Jaguar Land Rover researching into human-like automation

The company wants to make driverless cars more like humans rather than robots

Jaguar Land Rover plans to carry out research into what is required to make driverless vehicles behave more like humans rather than robots.

Employees of the London Borough of Greenwich will drive a fleet of autonomous Jaguar and Land Rover vehicles to see how other drivers react to real-world driving situations such as slow-moving traffic, roadworks and busy junctions. Other partners involved in the research include Bosch and Direct Line Group. 

"To successfully introduce autonomous cars, we actually need to focus more on the driver than ever before," said Dr Wolfgang Epple, director of research and technology at Jaguar Land Rover.

"Understanding how drivers react to a range of very dynamic and random situations in the real world is essential if we want drivers to embrace autonomous cars in the future."

The research is part of a 5.5 million project led by Bosch that will use the data provided by Jaguar Land Rover's tests to help develop specialist insurance for autonomous cars. The MOVE-UK initiative was announced yesterday by Sajid Javid MP, Secretary of State for Business, Innovation and Skills, alongside a 2.75 million grant from Innovate UK to help fund the research.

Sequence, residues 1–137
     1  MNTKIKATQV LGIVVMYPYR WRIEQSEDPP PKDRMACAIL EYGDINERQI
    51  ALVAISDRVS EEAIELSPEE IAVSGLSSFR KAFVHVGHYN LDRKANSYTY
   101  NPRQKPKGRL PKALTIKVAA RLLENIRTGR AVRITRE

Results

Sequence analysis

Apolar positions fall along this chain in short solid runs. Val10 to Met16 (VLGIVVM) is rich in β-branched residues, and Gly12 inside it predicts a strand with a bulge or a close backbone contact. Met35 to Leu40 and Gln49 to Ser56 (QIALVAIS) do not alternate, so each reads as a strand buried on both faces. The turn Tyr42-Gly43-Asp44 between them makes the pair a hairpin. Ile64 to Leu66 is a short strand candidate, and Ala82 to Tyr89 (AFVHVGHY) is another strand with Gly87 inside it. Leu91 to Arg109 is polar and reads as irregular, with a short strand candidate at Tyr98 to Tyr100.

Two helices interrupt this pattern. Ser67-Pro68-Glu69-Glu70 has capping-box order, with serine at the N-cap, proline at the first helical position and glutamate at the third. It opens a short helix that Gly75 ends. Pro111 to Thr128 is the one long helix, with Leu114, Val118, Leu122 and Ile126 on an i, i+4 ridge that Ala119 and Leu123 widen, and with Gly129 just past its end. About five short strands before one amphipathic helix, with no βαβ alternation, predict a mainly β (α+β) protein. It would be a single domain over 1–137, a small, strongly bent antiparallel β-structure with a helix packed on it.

Councillor Denise Hyland, Leader of Royal Borough of Greenwich, said: "The Royal Borough of Greenwich is delighted to be part of this ground breaking project and to be working alongside such innovative and prestigious UK companies... We look forward to gaining valuable insights into the operations of connected cars in the future, how they can help address the problems modern cities face and also how we can help accelerate their deployment capturing the benefits for the UK, London and Greenwich."

The research and project as a whole will help people become more comfortable with the idea of automated vehicles on the road, making them more likely to purchase such cars in future, according to Epple. "By understanding and measuring positive driving behaviours we can ensure that an autonomous Jaguar or Land Rover of the future will not simply perform a robotic function," he said.

He added: "If drivers have confidence in the automation they will seamlessly flick from one mode to the other. Autonomous mode will help with any challenging, or less stimulating activities on the journey, like parking or driving in heavy traffic. If this automated experience feels natural and safe, the driver will be able to genuinely relax and will be happy to let the car take control."

Image credit: TRL's MOVE_UK video, published on YouTube (see above) on 1st February 2016

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